DSS is a famous herbal formulary from the Synopsis of the Golden Chamber, which was used to treat gynecological disease, especially female abdominal pain. At present, DSS is widely used in neurological diseases [7, 14]. Therefore, it is speculated that DSS might be able to regulate estrogen levels. Both GO and KEGG results showed that DSS responds to steroid hormone and regulates the estrogen signaling pathway. A number of evidence shows that the biological effects of estrogen extend beyond the gonads to other body systems, including the brain and behavior [44]. The results of preclinical studies have shown that estrogen has neuroprotective effects in various experimental models of IS [44]. Many different biological effects of estrogen are modulated by estrogen receptor (ESR), e.g., ESR1 and ESR2. Our result showed that ESR1 is a major target of DSS for IS treatment. The reports showed that estrogen reduces the ischemic oxidative damage via an ESR1-mediated inhibition of NADPH oxidase activation [45]. Dubal et al. showed that ESR1-/-mice have more severe brain damage after MCAO [46]. The above results might in part explain why DSS can treat both gynecological diseases and stroke.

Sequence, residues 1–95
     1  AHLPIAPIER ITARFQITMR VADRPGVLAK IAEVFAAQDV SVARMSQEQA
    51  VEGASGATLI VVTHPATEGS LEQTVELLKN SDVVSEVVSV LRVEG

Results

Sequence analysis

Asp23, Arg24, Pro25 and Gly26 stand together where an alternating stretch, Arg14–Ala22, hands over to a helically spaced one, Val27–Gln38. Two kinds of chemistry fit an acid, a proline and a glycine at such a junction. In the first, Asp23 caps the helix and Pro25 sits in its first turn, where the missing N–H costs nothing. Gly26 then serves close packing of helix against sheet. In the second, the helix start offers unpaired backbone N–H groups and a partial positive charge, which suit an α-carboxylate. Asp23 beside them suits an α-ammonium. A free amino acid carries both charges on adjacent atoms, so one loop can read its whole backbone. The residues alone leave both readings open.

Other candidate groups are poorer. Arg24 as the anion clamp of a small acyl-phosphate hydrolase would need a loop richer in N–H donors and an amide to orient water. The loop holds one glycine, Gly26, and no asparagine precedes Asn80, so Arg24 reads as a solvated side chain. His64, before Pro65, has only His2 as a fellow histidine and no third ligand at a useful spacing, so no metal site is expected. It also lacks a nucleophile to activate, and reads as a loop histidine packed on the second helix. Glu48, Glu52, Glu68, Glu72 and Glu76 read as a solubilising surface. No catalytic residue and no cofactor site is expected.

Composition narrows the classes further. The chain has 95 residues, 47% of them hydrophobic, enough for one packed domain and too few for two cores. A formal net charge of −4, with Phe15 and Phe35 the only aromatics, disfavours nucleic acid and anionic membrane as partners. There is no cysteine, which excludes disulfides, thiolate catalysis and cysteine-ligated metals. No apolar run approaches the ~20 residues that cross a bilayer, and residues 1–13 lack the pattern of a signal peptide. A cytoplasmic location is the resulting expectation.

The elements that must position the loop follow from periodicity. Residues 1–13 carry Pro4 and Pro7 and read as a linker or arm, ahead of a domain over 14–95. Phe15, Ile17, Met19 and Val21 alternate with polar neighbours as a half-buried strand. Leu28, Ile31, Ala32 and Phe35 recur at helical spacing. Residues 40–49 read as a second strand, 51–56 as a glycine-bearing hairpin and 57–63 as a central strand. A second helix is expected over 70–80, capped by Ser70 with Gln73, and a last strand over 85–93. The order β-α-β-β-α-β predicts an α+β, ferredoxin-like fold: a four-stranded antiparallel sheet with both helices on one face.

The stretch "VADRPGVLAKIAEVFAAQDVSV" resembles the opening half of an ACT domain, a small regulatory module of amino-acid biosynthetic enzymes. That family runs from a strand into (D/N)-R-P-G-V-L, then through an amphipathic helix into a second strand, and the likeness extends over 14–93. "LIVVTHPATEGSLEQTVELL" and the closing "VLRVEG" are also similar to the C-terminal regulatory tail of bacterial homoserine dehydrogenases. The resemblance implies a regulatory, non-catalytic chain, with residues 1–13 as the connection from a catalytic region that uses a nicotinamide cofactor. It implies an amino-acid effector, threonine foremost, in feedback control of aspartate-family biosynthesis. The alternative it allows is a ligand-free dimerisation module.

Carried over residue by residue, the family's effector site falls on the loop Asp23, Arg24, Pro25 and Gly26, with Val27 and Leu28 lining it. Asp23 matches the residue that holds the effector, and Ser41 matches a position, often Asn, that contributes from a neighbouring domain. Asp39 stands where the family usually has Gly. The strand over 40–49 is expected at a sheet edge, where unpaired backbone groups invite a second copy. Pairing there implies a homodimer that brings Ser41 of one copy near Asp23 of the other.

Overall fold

Despite abundant new findings in this study, some limitations still exist. First, the corresponding experimental validation covered only a small number of mechanisms. Second, the compounds, targets, and pathways contained in these databases may not be exhaustive. In conclusion, the study, combined with network pharmacology, molecular docking, and animal experiments, offers the systematic mechanism of DSS in the treatment of IS and clearly clarifies the synergy mechanism of DSS multicomponent and multi-target. DSS may contribute to the treatment of IS by diminishing apoptosis, reducing inflammation and oxidative stress, increasing angiogenesis and neurogenesis, and modulating estrogen level. Our results indicate that DSS can not only reduce brain injury in the acute phase of stroke but also promote neurological recovery in the chronic phase of stroke.

Data Availability

The data that support the findings of this study are available from the corresponding author upon reasonable request.

Conflicts of Interest

The authors declare that there are no conflicts of interest regarding the publication of this article.

Authors’ Contributions

C. R. and Y. Y. conceived and designed the study. S.L. developed the methodology. S.L., J.X, and W.Z. performed the data acquisition. C. R. performed data analysis and interpretation. S. L., C.G., H. L., W.Y., and W.Z did animal experiments and molecular biology experiments. C. R. drafted, reviewed, and revised the manuscript. All authors read and approved the final manuscript.


This work was supported by the National Natural Science Foundation of China (Grant Nos. 81971114, 81573867, 81801313, and 81801142) and the National Key R&D Program of China (2017YFC1308402).